My heart just goes out to Alison and Adam. Why save me and take them? But obviously, there’s a purpose. And by golly, I will fulfill it.
I have no desire to be unkind to Gardner, an innocent person who suffered a traumatic event. It cost her a kidney and a section of her colon, leaving her with a terrifying and haunting memory. But it should be said that Ward’s family, and Parker’s fiancé and family, may be a little less pleased at the implication on national TV that their loved ones’ deaths were desired and planned by a Divine Being. This Being could find no further purpose for these young lives on Earth, but He could find one for Gardner, who is more “blessed and highly favored,” as Christians like to say.
I don’t fault Gardner but the arrogance of the Christian ideology itself. Its cultural dominance and psychological power are so great that they can override what I’m sure is a decent, caring person’s normally humble and empathetic instincts. No ideology should be that powerful, which is part of what makes religion so problematic. And no religion should be so culturally dominant that its followers feel no pressure to consider the implications of their public pronouncements on others.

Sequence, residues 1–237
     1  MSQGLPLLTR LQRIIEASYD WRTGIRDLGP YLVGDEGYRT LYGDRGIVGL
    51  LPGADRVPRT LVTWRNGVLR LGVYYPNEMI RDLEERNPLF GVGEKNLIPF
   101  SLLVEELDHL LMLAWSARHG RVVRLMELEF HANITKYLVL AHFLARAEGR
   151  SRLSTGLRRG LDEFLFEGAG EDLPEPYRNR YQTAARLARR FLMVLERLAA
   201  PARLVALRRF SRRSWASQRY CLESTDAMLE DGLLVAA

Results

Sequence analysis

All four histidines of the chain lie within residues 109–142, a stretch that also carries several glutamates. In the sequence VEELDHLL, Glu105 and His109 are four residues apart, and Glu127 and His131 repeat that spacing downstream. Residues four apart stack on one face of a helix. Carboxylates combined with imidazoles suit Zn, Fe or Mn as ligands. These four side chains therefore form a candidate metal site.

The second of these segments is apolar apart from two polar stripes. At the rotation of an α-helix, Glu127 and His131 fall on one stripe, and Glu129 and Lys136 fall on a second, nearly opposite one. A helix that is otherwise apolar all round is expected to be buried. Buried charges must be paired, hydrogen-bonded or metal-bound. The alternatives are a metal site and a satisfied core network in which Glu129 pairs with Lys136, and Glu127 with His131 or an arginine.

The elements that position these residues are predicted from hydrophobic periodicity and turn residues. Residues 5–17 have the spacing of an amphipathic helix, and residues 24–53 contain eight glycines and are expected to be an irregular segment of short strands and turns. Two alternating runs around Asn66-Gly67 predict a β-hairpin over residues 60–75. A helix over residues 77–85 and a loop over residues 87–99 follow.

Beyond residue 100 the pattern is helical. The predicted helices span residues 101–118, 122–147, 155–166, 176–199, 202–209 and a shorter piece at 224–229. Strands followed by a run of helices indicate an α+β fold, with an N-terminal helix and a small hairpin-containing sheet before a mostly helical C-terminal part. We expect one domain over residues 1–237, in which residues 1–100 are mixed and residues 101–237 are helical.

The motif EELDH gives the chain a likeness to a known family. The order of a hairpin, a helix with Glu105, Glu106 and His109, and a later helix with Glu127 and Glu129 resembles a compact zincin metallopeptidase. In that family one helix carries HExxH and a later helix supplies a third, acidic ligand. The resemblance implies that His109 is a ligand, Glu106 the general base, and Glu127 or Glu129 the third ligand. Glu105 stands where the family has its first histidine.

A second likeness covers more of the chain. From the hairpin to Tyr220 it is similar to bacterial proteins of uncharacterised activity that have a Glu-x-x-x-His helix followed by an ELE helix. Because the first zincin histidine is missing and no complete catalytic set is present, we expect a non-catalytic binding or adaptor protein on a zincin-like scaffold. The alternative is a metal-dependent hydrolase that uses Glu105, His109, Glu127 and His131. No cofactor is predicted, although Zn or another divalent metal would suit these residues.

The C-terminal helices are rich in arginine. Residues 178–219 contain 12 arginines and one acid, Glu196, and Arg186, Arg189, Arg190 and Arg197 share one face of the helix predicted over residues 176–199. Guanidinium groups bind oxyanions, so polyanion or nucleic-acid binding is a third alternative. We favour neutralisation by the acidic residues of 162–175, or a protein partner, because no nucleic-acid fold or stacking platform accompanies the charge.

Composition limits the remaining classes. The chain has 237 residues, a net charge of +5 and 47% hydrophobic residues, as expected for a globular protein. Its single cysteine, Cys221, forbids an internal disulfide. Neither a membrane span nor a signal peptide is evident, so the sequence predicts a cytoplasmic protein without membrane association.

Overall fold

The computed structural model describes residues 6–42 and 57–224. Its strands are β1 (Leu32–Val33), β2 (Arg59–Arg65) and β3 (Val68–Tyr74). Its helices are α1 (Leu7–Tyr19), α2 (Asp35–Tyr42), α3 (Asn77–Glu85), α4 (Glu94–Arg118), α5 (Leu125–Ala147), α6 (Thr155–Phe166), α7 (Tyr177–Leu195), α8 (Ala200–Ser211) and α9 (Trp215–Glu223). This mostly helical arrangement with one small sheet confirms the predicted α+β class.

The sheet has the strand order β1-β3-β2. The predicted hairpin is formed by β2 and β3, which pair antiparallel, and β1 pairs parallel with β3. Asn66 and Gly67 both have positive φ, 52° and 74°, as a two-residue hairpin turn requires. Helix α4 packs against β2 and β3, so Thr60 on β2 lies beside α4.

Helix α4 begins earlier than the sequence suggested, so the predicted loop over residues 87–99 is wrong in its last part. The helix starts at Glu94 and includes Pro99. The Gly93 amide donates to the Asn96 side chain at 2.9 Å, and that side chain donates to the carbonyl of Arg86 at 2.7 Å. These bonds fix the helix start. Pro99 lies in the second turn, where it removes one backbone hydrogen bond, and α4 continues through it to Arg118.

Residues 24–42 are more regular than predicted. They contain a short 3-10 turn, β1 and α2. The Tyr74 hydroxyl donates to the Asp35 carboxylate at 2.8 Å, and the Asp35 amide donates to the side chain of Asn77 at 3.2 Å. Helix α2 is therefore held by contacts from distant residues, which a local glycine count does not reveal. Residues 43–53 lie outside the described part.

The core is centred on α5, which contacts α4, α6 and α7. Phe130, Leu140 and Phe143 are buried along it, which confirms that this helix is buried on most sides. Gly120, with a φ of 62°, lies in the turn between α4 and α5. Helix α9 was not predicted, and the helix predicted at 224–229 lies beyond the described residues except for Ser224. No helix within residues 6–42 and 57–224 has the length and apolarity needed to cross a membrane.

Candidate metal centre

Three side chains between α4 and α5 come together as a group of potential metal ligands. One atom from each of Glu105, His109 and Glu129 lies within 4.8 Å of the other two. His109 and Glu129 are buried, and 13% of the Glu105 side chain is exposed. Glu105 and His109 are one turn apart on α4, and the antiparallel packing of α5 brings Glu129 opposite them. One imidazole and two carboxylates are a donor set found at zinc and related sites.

Journalists play a huge role in keeping this unpleasant ideology alive. Gardner could feel perfectly comfortable knowing she’d receive an approving smile from a national TV figure for comments that, to Humanists such as myself, are truly offensive. And that’s not because it’s Fox News; it’s standard operating procedure in the news business to give these beliefs the headline or lede immediately following a tragedy.
After an AirAsia flight crashed in December, ABC News dutifully followed the weird media tradition of interviewing people who were luckier than the victims, publishing a story that specifically focused on their beliefs that the crash was “a special Christmas gift from God” and a “beautiful” plan from Jesus:
It has been more than 48 hours since AirAsia Flight QZ8501 disappeared over the Java Sea, and while the search continues for the missing, there are lucky ones. Twenty-three people who were scheduled to be the plane did not get on.